Money managers are the most bullish ever on West Texas Intermediate crude for a second week as signs show OPEC and other nations are slashing production. The group cut supply by 840,000 barrels a day last month, according to a Bloomberg survey, and Russia, the largest of the non-members taking part in the deal, reduced output by 117,000 barrels a day. WTI has traded above $50 a barrel for the past seven weeks, encouraging Wall Street investors to fund more drilling in U.S. shale fields.
“The smart money is starting to realize that the OPEC production cuts are real,” Phil Flynn, senior market analyst at Price Futures Group in Chicago, said by telephone on Friday. “The oil story is beginning to look like the bust-end of the cycle is over.”
Crude has risen 19 percent since the Organization of Petroleum Exporting Countries agreed in late November to cut output in an effort to reduce a global glut. With global demand growth outstripping supply gains elsewhere in the world, OPEC’s cuts may reduce stockpiles by as much as 2 million barrels a day this year, Andrew Hall, founder of hedge fund Astenbeck Capital Management LLC, said in an investor letter.
Hedge funds increased their net-long position, or the difference between bets on a price increase and wagers on a decline, by 2.4 percent to 379,927 in the week ended Jan. 31, the highest level in data going back to 2006, U.S. Commodity Futures Trading Commission data show. WTI slipped 0.7 percent to $52.81 a barrel during the report week, and settled at $53.83 on Friday.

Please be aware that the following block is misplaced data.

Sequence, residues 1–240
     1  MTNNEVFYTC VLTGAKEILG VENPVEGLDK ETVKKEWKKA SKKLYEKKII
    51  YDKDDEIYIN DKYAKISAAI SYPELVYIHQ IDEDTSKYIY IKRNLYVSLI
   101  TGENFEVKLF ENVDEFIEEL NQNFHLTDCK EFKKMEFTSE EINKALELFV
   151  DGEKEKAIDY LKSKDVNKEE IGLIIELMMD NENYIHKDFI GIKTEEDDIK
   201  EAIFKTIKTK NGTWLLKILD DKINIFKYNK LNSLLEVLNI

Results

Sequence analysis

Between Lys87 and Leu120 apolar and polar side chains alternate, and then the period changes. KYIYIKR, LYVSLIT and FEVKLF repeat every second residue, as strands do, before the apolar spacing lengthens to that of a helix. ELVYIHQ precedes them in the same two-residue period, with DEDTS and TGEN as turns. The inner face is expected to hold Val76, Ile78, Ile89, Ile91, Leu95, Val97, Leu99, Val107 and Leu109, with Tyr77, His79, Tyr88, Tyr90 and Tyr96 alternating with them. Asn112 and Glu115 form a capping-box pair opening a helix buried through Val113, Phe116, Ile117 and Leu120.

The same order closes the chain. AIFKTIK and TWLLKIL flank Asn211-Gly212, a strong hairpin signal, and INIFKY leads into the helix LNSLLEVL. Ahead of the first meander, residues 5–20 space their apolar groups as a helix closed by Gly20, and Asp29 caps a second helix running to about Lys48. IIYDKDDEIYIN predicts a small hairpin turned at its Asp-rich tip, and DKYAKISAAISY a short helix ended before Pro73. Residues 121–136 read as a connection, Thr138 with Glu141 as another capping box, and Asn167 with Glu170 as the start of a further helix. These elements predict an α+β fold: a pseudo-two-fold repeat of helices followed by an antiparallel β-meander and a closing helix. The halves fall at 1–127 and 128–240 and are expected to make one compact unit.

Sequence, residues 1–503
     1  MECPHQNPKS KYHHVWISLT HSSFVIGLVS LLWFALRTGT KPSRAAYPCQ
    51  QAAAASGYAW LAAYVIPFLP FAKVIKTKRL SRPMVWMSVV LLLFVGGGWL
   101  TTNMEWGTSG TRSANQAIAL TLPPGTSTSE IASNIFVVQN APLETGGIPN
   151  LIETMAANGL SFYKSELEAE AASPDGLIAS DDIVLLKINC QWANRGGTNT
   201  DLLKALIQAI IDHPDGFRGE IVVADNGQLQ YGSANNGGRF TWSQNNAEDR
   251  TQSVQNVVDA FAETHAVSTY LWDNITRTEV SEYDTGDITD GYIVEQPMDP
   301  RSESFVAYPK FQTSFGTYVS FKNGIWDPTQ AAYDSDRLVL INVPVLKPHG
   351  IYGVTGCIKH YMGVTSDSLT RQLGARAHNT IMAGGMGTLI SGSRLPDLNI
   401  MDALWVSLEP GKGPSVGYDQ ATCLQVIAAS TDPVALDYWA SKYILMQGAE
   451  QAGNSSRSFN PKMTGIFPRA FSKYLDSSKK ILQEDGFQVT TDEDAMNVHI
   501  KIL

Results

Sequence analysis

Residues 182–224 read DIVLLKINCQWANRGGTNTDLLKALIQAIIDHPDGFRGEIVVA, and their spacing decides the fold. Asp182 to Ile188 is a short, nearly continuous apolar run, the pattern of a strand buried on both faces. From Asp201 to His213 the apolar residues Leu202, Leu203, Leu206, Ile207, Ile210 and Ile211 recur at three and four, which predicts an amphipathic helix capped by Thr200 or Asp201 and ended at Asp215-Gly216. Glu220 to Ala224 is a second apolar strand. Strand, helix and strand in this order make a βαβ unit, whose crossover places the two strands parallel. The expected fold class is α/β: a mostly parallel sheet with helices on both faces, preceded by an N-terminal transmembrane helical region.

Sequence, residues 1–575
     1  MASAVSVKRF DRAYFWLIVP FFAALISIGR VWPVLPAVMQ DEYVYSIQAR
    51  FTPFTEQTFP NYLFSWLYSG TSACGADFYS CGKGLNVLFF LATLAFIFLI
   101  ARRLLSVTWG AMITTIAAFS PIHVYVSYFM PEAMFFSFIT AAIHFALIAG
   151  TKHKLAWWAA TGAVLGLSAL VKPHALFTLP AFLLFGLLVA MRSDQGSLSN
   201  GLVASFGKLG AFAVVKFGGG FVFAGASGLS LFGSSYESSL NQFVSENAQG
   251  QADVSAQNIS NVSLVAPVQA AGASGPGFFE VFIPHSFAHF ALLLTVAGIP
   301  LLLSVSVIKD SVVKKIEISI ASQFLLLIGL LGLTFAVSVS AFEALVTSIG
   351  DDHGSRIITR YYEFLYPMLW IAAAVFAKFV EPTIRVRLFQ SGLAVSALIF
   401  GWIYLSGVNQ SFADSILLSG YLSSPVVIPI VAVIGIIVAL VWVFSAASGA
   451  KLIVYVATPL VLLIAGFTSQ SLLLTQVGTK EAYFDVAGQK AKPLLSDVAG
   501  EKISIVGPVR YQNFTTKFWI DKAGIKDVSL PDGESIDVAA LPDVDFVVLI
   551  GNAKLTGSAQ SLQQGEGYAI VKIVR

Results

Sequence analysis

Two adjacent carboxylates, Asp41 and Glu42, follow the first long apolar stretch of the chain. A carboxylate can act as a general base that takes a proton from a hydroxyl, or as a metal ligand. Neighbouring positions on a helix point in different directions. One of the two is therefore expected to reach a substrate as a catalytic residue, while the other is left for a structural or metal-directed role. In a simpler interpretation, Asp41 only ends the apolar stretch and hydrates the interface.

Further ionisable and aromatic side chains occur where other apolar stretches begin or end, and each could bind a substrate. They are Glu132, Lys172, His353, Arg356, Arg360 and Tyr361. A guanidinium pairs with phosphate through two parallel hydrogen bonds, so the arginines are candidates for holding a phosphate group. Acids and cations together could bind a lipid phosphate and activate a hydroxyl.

January output reductions were led by Saudi Arabia, OPEC’s largest producer, which trimmed output by half a million barrels a day. Russia’s reduction was “more than twice as high as the initial plans of the companies,” Energy Minister Alexander Novak said.
A possible U.S. border tax in some form may also provide a boost to prices and drilling. The potential tax may lead to WTI rising 25 percent, said Ebele Kemery, portfolio manager and head of energy investing at JPMorgan Asset Management.
Still, OPEC’s total output remains 550,000 barrels a day above the target set out in their deal. U.S. crude inventories keep growing, as Energy Information Administration data showed stockpiles rose to the highest level since August. Hall said that the OPEC cuts won’t be reflected in U.S. inventories until this month, because of a surge of Middle East supply before the deal, and the time it takes for tankers to reach the U.S.
The rally has encouraged U.S. shale producers to grow faster, which may help keep prices capped around $55 a barrel as companies hedge their output. Producers and merchants increased their short positions, or bets on falling prices, to 703,259 contracts, CFTC data show. Diamondback Energy Inc. plans to double its capital spending this year and Continental Resources Inc. will spend 77 percent more.
Wall Street is eager to join in. Energy companies in the U.S. raised $6.64 billion from equity sales in January, the biggest haul for the beginning of a year since at least 2000, data compiled by Bloomberg show. Drillers have increased the number of rigs seeking oil by 84 percent since May, according to Baker Hughes Inc.
The market is “closely monitoring the compliance of the countries involved with the OPEC, non-OPEC production deal,” John Kilduff, a partner at Again Capital LLC, a New York-based hedge fund that focuses on energy, said by telephone on Friday. “Early signs have been somewhat decent, so the market continues to reward their efforts. The positioning is a bit extreme. It could be a cautionary tale that the run may be nearing its end at the same time.”